If you are eligible for HRA deductions and can avail of deductions under 80C for your ongoing investments or expenses, it is an added reason to be in old regime.

 


If you are taking Voluntary Retirement and expect to get a compensation amount


Compensation upto Rs 5L received under voluntary retirement scheme is exempt from tax once in your life time. If you are choosing to avail of Voluntary retirement this year, you should stick with the old tax regime.


While the above are basic pointers, there are additional benefits available to you if you choose to invest Rs 50,000 in the NPS scheme, have an educational loan or plan to donate to recognised institutions, in all such cases the old regime is beneficial.


As you can see, I have highlighted many cases where the old regime is beneficial. You must be wondering why bring a new tax structure if it is not beneficial for most. The key to this is that you can claim deductions without making fresh investments in sub-optimal instruments only to avail of the tax deductions. Also, we have looked at the above primarily from a salaried employee’s perspective.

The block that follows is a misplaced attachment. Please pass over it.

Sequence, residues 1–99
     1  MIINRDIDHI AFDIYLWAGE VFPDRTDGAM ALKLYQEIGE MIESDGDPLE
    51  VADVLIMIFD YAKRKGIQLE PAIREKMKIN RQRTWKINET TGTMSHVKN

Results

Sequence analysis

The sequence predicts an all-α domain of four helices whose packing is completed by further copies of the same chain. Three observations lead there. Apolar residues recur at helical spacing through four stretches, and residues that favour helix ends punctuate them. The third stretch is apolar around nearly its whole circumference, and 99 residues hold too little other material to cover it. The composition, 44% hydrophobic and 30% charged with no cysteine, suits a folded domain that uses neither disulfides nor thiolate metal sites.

For self-employed or professionals where Sec 80C is not a given, they will need to invest money to avail of tax benefits. In many cases, the choice of investments will be at cross-purposes to their financial goals. In such cases it would be better to opt for new regime and invest your money in instruments of your choice which are aligned with your overall financial goals.


If you have already made the choice of tax regime as a salaried employee, you can change your mind at the time of filing your tax. This is not an option with non-salaried people. As mentioned earlier it is always a good idea to consult with your financial advisor/ tax consultant to get advice which is customised to your unique situation. However, the above pointers may help you understand the reasoning behind the choice.